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U.K. August Manufacturing Activity Surges Unexpectedly

British manufacturing activity surged to a three-year high in August, driven by the strongest production growth since 1994, a survey showed on Monday in a sign that rising interest rates are not stifling industry.

The Chartered Institute of Purchasing and Supply/NTC said its purchasing managers' index rose to 56.3 last month from an upwardly revised 55.9 in July, the highest level since July 2004 and well above analysts' forecasts for an easing to 55.0.

With any reading above 50 indicating expansion, CIPS/NTC said the sector was now enjoying its longest period of sustained growth in 12 years.

Manufacturing output growth soared to 60.4 from an upwardly revised 58.0 in July -- the fastest expansion in nearly 13 years.

The figures tally with a strong survey from the Engineering Employers' Federation which showed firms are upbeat about the future while enjoying the strongest rate of growth in output and new orders since 1995 in the third quarter.

Such strength boosted speculation that industry could weather one more interest rate rise this year, after five increases to 5.75% since August last year.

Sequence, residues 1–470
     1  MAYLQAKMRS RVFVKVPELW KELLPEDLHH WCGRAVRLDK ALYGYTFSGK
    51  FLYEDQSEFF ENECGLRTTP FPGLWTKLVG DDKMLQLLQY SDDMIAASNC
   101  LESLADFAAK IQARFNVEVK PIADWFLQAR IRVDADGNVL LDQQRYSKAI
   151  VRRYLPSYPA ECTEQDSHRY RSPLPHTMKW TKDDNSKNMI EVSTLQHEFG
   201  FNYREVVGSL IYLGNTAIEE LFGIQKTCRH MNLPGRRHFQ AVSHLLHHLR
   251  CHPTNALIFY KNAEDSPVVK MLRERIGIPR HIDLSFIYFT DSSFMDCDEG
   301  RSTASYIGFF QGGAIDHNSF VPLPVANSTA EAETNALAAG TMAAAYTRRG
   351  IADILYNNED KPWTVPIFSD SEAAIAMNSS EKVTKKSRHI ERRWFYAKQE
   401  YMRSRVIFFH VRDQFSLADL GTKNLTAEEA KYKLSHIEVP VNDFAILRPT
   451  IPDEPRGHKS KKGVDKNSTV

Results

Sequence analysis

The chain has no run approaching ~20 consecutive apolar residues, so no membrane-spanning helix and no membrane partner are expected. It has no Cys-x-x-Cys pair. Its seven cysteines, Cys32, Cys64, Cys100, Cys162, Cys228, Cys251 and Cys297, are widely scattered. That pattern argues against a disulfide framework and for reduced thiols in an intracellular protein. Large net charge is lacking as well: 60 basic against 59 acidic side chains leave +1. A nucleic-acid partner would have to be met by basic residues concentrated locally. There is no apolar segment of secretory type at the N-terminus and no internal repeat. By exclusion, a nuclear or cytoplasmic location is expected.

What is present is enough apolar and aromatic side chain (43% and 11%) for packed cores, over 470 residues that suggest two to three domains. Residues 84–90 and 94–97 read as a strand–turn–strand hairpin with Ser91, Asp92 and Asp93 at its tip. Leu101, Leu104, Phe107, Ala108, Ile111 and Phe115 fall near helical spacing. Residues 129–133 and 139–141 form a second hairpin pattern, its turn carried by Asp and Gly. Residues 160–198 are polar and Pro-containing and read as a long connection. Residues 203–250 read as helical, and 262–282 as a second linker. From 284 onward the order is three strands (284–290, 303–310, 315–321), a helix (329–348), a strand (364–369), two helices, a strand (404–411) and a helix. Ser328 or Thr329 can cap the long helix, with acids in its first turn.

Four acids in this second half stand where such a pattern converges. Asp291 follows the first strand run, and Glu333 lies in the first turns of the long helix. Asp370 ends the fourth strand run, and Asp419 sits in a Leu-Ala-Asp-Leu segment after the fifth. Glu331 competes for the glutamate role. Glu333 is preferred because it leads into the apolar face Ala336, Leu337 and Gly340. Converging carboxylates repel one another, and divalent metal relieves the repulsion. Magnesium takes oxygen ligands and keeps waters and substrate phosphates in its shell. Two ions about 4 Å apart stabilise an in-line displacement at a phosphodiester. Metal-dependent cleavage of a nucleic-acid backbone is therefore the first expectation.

"The survey is a reminder that the economy is still performing pretty well, and that an eventual further interest rate hike is still very possible despite the current turmoil in global credit and financial markets," said Howard Archer, an economist at Global Insight.

While the domestic market contributed most to growth in August, new export orders improved markedly with a reading of 55.8 -- the strongest rate of expansion since January 2004.

Overall, new orders are basking in their most sustained period of growth in more than 12 years. Employment growth hit a three-year high, CIPS/NTC said, with the jobs index rising to 52.5.

Prices Come Off the Boil

However, Bank of England policymakers may be relieved to see price pressures cooling at both the factory gate and further up the industrial pipeline.

Input costs, although still strong, grew at their weakest rate since April, with the input prices index easing to 64.1 from a downwardly revised 66.5. The output price reading cooled to 56.1 from July's record high of 57.5. August's reading is the weakest since March.

Given a fall in consumer price inflation below the government's two % target in July, dovish policymakers may now argue that another rate rise is no longer necessary to contain inflation over the medium term.

"Inflationary pressures did ease somewhat, thus negating the need for imminent policy tightening from the BoE," said James Knightley, an economist at ING.

Investors had fully priced in a rise to 6.0% this year before turmoil on financial markets stemming from a credit crunch forced a revision of hawkish predictions for global interest rates. The Bank of England will announce its latest interest rate decision on Thursday.